Subject(s)
Bocavirus , Child, Preschool , Female , Humans , Infant , Male , Parvoviridae Infections , Diagnosis , Polymerase Chain Reaction , Respiratory Tract Infections , Diagnosis
18.
Chinese Journal of Virology ; (6): 57-59, 2007.
Article in Chinese | WPRIM | ID: wpr-334909

ABSTRACT

Human bocavirus, which was firstly discovered in 2005, is a new human parvovirus associated with lower respiratory tract infection in children. In this study, a human bocavirus, named WLL-1 isolate, was identified in Wenlin County, Zhejiang Province. The genome of bocavirus WLL-1 has been sequenced and analyzed. Phylogenetic analyses showed that WLL-1 shares 99% homology with other bocaviruses recently reported, but also has some special variations.


Subject(s)
Bocavirus , Classification , Genetics , China , DNA, Viral , Chemistry , Genetics , Genome, Viral , Humans , Molecular Sequence Data , Phylogeny , Sequence Analysis, DNA
19.
Article in Chinese | WPRIM | ID: wpr-248822

ABSTRACT

<p><b>OBJECTIVE</b>To study the clinical characteristics of human bocavirus (HBoV) among children and to understand the association of HBoV with human diseases.</p><p><b>METHOD</b>Totally 148 nasopharyngeal aspirate (NPA) samples were collect from hospitalized children with acute respiratory infection during Oct. 2005 to Feb. 2006. Two serum samples were obtained from HBoV positive patients. PCR was used to assay all these samples and PCR products were sequenced.</p><p><b>RESULT</b>HBoV was positive in 11 of 148 NPA samples. The positive rate was 7.4 percent. The serum samples of HBoV infected patients showed that serum contained HBoV by PCR assay. All these HBoV positive patients had the clinical symptoms of bronchitis, bronchopneumonia and pneumonia. Some patients had diarrhea.</p><p><b>CONCLUSION</b>All patients infected with HBoV had upper and lower respiratory tract infections. HBoV is a probable important pathogen of upper and lower respiratory tract infection. The HBoV could cause viremia. In addition, some HBoV patients had diarrhea. HBoV infection probably could also result in intestinal disease and other related symptoms.</p>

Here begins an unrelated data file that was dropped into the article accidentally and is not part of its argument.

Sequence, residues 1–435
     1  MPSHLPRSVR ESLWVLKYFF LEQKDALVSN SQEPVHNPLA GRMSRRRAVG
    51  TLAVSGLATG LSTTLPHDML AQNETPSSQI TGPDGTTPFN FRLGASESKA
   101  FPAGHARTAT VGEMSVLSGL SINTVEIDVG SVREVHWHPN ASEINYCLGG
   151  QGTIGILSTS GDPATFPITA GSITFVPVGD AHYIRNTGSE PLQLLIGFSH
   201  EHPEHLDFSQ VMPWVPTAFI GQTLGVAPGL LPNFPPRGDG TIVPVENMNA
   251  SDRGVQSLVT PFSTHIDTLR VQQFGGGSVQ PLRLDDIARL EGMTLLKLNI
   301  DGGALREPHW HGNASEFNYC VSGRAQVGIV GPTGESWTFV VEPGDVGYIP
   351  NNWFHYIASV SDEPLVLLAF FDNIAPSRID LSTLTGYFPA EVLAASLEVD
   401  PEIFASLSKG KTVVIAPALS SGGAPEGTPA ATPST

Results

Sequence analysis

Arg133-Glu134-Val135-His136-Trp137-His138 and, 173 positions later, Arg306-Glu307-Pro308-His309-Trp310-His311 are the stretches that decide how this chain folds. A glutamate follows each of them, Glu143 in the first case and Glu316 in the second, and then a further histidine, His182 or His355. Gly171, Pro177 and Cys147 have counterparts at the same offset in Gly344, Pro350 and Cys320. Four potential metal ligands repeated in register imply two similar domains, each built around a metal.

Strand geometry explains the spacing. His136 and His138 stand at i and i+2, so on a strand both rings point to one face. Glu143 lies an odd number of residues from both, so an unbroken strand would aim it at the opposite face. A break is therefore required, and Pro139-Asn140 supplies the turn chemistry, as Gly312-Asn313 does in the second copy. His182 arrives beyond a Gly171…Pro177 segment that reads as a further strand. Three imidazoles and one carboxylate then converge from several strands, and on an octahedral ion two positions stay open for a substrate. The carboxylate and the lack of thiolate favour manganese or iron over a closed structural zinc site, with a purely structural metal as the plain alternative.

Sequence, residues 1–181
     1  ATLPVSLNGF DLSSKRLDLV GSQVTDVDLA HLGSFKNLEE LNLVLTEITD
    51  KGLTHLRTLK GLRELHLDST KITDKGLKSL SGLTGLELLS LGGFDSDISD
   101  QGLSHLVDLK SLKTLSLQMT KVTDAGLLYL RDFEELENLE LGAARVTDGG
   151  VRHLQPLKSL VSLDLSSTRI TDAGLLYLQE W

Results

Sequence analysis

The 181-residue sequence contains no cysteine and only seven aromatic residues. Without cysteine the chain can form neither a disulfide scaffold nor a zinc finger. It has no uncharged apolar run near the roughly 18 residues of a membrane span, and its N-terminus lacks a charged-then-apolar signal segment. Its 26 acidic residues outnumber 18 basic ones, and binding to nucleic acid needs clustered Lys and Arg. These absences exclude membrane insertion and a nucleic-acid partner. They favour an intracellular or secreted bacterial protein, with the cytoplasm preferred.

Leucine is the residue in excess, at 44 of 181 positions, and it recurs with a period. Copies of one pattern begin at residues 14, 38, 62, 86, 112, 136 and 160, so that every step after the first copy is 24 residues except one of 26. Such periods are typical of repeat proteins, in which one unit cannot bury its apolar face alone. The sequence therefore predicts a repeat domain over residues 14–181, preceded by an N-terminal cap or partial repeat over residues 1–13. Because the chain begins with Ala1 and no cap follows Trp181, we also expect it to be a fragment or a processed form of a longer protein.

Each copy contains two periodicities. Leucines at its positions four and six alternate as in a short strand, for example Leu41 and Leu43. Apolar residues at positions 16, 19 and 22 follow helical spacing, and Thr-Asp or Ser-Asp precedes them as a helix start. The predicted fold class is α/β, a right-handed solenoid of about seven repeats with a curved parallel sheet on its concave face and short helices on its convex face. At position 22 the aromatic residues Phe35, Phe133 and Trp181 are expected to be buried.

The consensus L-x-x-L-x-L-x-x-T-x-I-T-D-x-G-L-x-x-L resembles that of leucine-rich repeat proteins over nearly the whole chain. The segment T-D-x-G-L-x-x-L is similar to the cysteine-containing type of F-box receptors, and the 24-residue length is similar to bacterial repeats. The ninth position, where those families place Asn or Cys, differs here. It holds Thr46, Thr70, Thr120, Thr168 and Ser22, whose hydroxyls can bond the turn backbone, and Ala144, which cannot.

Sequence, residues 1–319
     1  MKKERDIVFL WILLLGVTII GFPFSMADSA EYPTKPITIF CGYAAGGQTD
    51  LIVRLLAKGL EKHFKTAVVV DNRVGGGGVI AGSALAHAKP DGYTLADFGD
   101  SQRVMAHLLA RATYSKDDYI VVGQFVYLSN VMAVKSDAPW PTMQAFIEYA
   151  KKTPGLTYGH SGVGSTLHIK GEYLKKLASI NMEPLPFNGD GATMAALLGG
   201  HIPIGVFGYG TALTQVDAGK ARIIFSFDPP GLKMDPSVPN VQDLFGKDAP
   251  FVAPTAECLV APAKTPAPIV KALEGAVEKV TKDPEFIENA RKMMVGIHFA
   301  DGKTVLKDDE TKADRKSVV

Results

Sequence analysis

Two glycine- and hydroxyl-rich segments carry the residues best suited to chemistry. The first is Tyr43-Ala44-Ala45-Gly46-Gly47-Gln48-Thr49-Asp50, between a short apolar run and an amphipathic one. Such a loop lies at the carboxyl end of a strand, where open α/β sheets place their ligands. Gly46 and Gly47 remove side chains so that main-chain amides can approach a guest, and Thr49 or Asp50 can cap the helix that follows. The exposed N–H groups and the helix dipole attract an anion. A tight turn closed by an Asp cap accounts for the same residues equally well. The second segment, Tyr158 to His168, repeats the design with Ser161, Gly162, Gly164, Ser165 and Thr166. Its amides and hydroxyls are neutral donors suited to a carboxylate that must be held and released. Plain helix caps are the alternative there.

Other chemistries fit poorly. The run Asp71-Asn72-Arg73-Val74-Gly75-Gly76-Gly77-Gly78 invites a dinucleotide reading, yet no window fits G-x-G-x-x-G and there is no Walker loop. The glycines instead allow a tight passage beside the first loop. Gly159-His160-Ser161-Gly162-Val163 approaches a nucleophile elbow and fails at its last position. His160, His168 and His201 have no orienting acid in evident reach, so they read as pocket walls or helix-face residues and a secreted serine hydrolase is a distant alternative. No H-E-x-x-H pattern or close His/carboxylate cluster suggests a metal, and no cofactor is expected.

Subject(s)
Bocavirus , Genetics , Child , Child, Preschool , DNA, Viral , Blood , Female , Humans , Infant , Male , Parvoviridae Infections , Virology , Respiratory Tract Infections , Virology
20.
Article in Chinese | WPRIM | ID: wpr-248763

ABSTRACT

<p><b>OBJECTIVE</b>To investigate maternal-fetal transmission at human bocavirus (HBoV).</p><p><b>METHODS</b>IgG antibody to HBoV in serum samples of 316 mothers were determined with ELISA and HBoV DNA was determined with real time PCR in the sera of the mothers and their infants.</p><p><b>RESULTS</b>HBoV-IgG was positive in 40.20 percent (127/316) of the mothers, while it was positive in 29.43 percent (93/316) of the cord blood specimens of the infants. The difference between the two groups was significant (X2=8.12, P less than 0.005); 93 samples of both the mothers and the infants were positive for HBoV-IgG.</p><p><b>CONCLUSION</b>HBoV-IgG can cross the placenta to the fetuses through placenta. Further study is needed to answer the question whether vertical maternal-fetal transmission occurs.</p>


Subject(s)
Adult , Antibodies, Viral , Blood , Bocavirus , DNA, Viral , Blood , Enzyme-Linked Immunosorbent Assay , Female , Humans , Immunoglobulin G , Blood , Infant, Newborn , Infectious Disease Transmission, Vertical , Parvoviridae Infections , Pregnancy , Prospective Studies
SELECTION OF CITATIONS
SEARCH DETAIL